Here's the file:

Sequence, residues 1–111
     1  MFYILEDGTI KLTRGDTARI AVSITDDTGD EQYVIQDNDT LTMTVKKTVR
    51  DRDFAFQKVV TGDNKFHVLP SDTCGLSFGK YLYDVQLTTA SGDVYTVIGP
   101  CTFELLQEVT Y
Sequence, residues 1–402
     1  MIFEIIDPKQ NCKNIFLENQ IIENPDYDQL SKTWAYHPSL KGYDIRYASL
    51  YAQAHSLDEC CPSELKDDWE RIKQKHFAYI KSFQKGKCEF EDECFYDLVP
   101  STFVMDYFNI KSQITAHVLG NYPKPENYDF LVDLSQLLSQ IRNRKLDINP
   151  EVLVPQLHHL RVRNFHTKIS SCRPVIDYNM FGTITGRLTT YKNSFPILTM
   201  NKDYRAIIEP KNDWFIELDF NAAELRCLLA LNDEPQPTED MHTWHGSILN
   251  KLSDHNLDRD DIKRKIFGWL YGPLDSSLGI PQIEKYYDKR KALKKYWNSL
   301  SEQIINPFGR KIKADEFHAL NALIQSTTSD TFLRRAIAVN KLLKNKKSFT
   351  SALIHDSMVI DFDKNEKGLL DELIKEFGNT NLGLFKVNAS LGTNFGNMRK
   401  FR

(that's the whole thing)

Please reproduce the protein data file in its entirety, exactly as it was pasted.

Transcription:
Sequence, residues 1–111
     1  MFYILEDGTI KLTRGDTARI AVSITDDTGD EQYVIQDNDT LTMTVKKTVR
    51  DRDFAFQKVV TGDNKFHVLP SDTCGLSFGK YLYDVQLTTA SGDVYTVIGP
   101  CTFELLQEVT Y
Sequence, residues 1–402
     1  MIFEIIDPKQ NCKNIFLENQ IIENPDYDQL SKTWAYHPSL KGYDIRYASL
    51  YAQAHSLDEC CPSELKDDWE RIKQKHFAYI KSFQKGKCEF EDECFYDLVP
   101  STFVMDYFNI KSQITAHVLG NYPKPENYDF LVDLSQLLSQ IRNRKLDINP
   151  EVLVPQLHHL RVRNFHTKIS SCRPVIDYNM FGTITGRLTT YKNSFPILTM
   201  NKDYRAIIEP KNDWFIELDF NAAELRCLLA LNDEPQPTED MHTWHGSILN
   251  KLSDHNLDRD DIKRKIFGWL YGPLDSSLGI PQIEKYYDKR KALKKYWNSL
   301  SEQIINPFGR KIKADEFHAL NALIQSTTSD TFLRRAIAVN KLLKNKKSFT
   351  SALIHDSMVI DFDKNEKGLL DELIKEFGNT NLGLFKVNAS LGTNFGNMRK
   401  FR